An Error of Scale

I poked holes in the doll's face with a pin.
I pulled off the doll's head and looked
inside: the doll's head was hollow.
The doll's neck was a stub, I cut
the top of the stub off and looked inside:
the doll's torso, too, was empty.

I lit the doll's hair with a lighter
and it flared slightly and melted into
a hard, shiny, little black ball.
I dug out the doll's eyes, they
were mounted in little plastic cups
the better to tilt and swivel
and that the lids might lift, or settle,
or perch, drunkenly, half-open.
When stepped on, the eyes break
with a crunch, but the cups just bend,
letting the eye shards fall out.

I buried the doll, and all the doll's
little doll friends, in the park, near
the water fountain, beside the jungle gym.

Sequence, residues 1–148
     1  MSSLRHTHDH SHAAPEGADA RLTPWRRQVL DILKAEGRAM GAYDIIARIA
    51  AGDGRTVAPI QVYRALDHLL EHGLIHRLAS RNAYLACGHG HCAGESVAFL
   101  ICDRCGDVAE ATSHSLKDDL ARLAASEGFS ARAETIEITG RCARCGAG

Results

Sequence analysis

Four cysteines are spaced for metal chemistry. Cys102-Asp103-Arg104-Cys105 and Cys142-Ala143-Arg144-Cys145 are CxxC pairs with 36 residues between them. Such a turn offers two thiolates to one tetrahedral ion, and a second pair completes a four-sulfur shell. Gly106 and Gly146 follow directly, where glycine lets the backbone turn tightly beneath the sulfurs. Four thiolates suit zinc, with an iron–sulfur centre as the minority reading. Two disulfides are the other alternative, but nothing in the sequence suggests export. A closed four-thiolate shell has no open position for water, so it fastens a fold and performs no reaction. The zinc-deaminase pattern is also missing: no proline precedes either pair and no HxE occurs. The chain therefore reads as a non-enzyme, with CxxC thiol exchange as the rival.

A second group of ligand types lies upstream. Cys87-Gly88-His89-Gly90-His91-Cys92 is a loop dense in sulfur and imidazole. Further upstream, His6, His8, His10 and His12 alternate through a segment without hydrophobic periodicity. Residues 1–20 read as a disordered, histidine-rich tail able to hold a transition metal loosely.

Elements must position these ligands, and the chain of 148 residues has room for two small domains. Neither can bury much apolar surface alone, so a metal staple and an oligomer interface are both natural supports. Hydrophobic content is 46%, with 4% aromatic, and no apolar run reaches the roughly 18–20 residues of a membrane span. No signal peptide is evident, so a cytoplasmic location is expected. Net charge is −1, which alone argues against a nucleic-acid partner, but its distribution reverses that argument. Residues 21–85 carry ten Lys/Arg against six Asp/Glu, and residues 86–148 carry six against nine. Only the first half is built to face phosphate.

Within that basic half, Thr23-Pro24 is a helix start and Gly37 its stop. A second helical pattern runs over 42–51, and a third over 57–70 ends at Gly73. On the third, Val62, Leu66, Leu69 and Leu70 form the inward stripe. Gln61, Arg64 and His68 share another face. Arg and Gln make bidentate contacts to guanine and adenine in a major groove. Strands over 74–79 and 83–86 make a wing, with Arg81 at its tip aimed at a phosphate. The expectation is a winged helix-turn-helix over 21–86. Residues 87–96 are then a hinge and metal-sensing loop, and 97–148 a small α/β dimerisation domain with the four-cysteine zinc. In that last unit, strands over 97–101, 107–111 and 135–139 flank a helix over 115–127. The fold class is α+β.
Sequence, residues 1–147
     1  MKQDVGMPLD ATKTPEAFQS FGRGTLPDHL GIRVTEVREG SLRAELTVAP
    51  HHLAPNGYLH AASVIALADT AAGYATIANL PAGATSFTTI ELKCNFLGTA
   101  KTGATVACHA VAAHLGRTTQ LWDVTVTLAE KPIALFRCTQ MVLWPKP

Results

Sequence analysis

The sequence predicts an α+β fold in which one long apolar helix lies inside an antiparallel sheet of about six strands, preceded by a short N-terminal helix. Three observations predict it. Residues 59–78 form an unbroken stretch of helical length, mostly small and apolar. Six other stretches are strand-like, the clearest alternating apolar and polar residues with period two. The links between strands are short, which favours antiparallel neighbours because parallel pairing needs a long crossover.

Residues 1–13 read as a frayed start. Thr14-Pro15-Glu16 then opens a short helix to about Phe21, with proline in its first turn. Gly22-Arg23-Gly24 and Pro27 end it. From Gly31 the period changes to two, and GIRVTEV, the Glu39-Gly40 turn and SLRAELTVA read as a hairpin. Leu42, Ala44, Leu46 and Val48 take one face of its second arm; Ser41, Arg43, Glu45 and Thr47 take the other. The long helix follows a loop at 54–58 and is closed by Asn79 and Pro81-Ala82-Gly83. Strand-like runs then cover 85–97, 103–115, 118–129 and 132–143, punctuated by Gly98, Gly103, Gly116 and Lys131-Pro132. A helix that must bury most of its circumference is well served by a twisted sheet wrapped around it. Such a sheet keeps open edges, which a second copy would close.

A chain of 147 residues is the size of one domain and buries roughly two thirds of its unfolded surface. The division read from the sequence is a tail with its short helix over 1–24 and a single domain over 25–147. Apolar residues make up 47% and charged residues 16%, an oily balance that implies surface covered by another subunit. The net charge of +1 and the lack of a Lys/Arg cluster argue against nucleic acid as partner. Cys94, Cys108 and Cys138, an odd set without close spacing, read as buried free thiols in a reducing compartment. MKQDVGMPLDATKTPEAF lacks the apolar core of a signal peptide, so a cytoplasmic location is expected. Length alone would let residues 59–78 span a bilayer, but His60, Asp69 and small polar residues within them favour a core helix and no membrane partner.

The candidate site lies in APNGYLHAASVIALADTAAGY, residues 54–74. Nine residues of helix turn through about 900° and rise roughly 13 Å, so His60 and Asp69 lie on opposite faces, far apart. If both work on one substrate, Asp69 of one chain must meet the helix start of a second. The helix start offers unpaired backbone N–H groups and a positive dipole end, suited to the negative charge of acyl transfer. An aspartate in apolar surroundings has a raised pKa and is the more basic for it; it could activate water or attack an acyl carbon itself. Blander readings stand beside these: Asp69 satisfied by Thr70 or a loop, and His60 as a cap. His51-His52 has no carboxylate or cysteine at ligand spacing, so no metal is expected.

I think I did what I did because
I'm American, and because I'm
a girl, and because I'm Korean,
and because I'm adopted,
and because I am not getting
adequate amounts of bran in my diet,
and because I'm a boy, and because
I'm dating a woman who cannot climax,
and because I cannot climax,
and because I am underpaid,
and because my oily father only
showed my sister any affection,
and because it felt really fucking good,
and though it might sound silly
to most people, I did it because
I hate dolls, and more to the point,
I hate what dolls mean, what they need.